When I left off at the end of part one, my boss was becoming very ill but was still at work.
Her decisions had started to become dodgy and unreliable, a complete reversal of character and ability for her.
I needed a rest from the demanding situation and took my summer holidays, and while I was away, she suffered an embolism and was suddenly gone. It was extremely and very mercifully quick.
I rushed back to a funeral, a dazed and grieving staff, including three new hires, and a huge workload.
Despite the fact that everyone knew she was terminal, people were shocked; many had bought into the notion that she was curing herself through traditional medicine, a modality in which she had such complete faith that it bled over to others. (I believe. Do you believe? Or something like that.) The new hires were more shocked than anyone, since they hadn’t been aware that she was sick.
As a group, we started putting one foot in front of the other, and got on with it, in spite of feeling sad and stunned. We got going again; we had to. The work carried on.
I was placed in an “acting” role and I set about the business of wrapping my head around all the things that needed to be done. There were a lot of them.
In the meantime, however, a coup was fomenting. A couple of people who were “grieving” on the surface were planning to put their chosen candidate into the head role – a chosen candidate whom they could control.
20 days into my new job, I was sitting in my temporary new office at my temporary new desk, bordering on letting myself slide into a private little collapse. I perched on the edge of my seat, white knuckling the desk’s edge, breathing hard and teetering on the verge of just walking away.
I had a few hostile employees who wanted to replace me. Others were angry at my boss for dying, and for telling them that she was getting better when she wasn’t. We experienced all the stages of grief like we were on a rocket sled.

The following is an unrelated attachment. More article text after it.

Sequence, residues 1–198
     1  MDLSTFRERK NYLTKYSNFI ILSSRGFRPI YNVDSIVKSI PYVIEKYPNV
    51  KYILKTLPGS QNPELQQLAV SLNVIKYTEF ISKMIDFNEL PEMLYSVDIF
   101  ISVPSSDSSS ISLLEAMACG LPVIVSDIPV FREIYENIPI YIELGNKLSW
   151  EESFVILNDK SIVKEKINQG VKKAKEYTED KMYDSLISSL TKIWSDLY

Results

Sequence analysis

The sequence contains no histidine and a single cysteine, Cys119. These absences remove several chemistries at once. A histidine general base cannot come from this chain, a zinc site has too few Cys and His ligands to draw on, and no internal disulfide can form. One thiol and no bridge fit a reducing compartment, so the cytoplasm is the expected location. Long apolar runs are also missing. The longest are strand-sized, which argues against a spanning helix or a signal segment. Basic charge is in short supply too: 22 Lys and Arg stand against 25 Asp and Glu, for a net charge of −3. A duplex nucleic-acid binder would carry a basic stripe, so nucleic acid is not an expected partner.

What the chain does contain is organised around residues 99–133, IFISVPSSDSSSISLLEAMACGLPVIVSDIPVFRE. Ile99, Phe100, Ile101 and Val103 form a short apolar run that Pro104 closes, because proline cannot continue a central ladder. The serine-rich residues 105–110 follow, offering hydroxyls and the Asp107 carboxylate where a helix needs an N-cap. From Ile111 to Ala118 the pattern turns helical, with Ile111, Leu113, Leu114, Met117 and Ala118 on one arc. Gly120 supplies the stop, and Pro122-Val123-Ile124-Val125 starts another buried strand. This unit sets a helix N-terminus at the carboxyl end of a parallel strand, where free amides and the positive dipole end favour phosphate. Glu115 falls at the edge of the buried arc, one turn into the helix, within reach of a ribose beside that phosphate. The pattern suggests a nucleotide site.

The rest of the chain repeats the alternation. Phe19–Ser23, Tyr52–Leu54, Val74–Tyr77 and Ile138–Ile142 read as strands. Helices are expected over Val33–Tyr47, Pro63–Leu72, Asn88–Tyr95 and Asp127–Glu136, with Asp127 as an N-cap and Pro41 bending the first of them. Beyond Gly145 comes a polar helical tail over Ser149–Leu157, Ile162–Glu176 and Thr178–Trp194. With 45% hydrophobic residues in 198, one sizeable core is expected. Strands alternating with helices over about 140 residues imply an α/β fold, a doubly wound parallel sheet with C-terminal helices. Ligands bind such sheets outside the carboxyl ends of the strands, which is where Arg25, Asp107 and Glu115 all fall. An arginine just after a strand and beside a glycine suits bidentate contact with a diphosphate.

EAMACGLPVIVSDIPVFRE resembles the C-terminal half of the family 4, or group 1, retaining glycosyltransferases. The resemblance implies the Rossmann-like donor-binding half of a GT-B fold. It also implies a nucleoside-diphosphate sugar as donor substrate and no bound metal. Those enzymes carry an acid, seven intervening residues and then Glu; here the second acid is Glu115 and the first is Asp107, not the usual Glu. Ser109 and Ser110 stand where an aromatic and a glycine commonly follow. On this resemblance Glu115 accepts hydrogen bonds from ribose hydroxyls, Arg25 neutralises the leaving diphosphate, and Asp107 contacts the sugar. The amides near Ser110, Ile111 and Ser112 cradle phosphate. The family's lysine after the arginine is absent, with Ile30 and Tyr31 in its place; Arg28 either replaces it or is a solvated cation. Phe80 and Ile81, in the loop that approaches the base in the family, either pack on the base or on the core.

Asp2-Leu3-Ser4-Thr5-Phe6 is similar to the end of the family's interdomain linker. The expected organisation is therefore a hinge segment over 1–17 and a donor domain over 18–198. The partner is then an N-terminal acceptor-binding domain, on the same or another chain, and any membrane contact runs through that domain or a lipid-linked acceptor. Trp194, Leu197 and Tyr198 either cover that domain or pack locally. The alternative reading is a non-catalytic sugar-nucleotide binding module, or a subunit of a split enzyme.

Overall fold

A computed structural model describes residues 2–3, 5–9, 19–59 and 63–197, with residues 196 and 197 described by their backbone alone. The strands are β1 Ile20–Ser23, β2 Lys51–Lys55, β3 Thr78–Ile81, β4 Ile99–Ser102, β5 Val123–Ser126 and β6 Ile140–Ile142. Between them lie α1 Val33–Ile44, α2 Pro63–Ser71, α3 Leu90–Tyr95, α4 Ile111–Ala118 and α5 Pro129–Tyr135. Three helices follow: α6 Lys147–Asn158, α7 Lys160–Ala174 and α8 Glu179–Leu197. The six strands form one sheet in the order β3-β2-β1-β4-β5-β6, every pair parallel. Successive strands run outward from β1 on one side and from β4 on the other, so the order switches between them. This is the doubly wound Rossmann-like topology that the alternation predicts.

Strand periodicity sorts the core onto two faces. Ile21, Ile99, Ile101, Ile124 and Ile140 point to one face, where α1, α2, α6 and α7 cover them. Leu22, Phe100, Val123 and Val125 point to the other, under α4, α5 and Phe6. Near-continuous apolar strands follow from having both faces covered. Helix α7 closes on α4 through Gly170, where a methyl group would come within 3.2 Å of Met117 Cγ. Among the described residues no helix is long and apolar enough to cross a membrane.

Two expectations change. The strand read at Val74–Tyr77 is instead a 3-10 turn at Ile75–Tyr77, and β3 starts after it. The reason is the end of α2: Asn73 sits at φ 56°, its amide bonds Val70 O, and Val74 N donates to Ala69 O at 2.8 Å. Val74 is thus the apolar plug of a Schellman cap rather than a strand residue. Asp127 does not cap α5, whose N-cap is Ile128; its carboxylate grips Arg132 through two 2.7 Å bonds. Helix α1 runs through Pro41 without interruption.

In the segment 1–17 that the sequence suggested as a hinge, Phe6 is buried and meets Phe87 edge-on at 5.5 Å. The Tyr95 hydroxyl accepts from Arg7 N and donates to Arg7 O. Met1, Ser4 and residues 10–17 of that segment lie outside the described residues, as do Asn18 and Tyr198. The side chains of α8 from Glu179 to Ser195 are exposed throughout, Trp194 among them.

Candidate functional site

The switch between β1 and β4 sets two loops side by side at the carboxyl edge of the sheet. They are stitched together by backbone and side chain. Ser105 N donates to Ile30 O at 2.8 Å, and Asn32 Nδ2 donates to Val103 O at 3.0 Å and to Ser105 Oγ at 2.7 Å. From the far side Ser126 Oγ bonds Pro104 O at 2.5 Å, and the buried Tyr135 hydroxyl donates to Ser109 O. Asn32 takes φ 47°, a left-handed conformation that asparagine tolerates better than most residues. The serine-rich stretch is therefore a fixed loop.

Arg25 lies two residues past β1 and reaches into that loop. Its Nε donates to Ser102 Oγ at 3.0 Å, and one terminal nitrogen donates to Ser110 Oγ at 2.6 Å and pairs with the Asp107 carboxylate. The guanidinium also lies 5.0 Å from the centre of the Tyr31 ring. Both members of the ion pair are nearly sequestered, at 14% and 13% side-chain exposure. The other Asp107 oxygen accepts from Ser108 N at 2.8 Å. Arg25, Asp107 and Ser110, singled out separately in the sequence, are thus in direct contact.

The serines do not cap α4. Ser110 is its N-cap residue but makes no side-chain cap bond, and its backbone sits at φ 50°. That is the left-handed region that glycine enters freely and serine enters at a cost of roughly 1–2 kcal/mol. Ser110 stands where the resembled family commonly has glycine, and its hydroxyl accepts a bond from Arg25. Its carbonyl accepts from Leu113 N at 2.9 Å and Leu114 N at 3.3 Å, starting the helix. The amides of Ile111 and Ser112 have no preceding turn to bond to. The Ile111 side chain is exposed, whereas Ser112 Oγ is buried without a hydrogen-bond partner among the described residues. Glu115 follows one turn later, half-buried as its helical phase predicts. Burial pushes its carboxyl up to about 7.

No one had any idea how much had to be done, the timelines involved, and the contingencies needed. People kept materialising out of nowhere, demanding everything and taking responsibilty for nothing. Criticism hung on the air like a fog. And, there was the imposter factor. I kept thinking that I didn’t know what I was doing, that I was a know-nothing kid dressed in her mother’s work clothes, that I was in waaay over my head.
So I did. I pressed pause. I shut the door to my office. I set the phone to voice mail. I sat, and I meditated.
After I got rid of the ex-narcissist out of my life, I had learned meditation from my counsellor, and in this maelstrom of work and emotion, I had stopped doing it. I needed to get back to it.
I took a break, I re-grouped, and I fought my way through it, day after day and week after week.
I focused on what was going well: top notch support from head office, a supportive spouse and friends and faith in myself.
I won the permanent position. I got my staff in line; the ones who are discontented are moving on, and new ones are coming in. But it was a hard slog and I had to get tough. The staff who failed in pursuit of “their” candidate were angry and bitter.
It’s getting better now. The learning curve angle is beginning to soften, and a good team is starting to develop.
But pausing my life? Yes. It’s necessary. Sometimes you have to stop, take a look, and decide if this is where you should be, if it’s for you. A realistic self-examination is key, not just for yourself but also for those you work with.
That’s something that I learned from this, both by watching it and by experiencing it myself. Being able to recognise your weaknesses and consider them is not shameful, and being realistic about your strengths isn’t shameful either.
What is your opinion?